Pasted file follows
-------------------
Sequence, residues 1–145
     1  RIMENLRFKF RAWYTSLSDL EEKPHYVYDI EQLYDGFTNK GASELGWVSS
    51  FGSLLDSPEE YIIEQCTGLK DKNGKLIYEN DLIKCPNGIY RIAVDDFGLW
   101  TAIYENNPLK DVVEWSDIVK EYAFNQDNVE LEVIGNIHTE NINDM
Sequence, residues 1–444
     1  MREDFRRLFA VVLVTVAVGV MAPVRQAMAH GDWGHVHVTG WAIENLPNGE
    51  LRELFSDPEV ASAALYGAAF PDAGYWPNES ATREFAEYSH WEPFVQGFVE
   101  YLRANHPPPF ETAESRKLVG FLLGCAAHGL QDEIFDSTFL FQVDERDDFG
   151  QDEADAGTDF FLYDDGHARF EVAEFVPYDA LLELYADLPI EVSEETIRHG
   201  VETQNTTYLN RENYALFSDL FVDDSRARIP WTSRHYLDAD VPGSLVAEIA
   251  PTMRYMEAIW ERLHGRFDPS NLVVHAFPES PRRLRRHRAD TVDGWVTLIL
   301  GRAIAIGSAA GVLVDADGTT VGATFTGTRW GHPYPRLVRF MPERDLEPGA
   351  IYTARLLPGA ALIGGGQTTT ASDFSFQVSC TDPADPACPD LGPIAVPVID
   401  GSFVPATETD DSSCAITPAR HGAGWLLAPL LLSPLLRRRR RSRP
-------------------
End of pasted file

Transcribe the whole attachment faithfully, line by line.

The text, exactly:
Sequence, residues 1–145
     1  RIMENLRFKF RAWYTSLSDL EEKPHYVYDI EQLYDGFTNK GASELGWVSS
    51  FGSLLDSPEE YIIEQCTGLK DKNGKLIYEN DLIKCPNGIY RIAVDDFGLW
   101  TAIYENNPLK DVVEWSDIVK EYAFNQDNVE LEVIGNIHTE NINDM
Sequence, residues 1–444
     1  MREDFRRLFA VVLVTVAVGV MAPVRQAMAH GDWGHVHVTG WAIENLPNGE
    51  LRELFSDPEV ASAALYGAAF PDAGYWPNES ATREFAEYSH WEPFVQGFVE
   101  YLRANHPPPF ETAESRKLVG FLLGCAAHGL QDEIFDSTFL FQVDERDDFG
   151  QDEADAGTDF FLYDDGHARF EVAEFVPYDA LLELYADLPI EVSEETIRHG
   201  VETQNTTYLN RENYALFSDL FVDDSRARIP WTSRHYLDAD VPGSLVAEIA
   251  PTMRYMEAIW ERLHGRFDPS NLVVHAFPES PRRLRRHRAD TVDGWVTLIL
   301  GRAIAIGSAA GVLVDADGTT VGATFTGTRW GHPYPRLVRF MPERDLEPGA
   351  IYTARLLPGA ALIGGGQTTT ASDFSFQVSC TDPADPACPD LGPIAVPVID
   401  GSFVPATETD DSSCAITPAR HGAGWLLAPL LLSPLLRRRR RSRP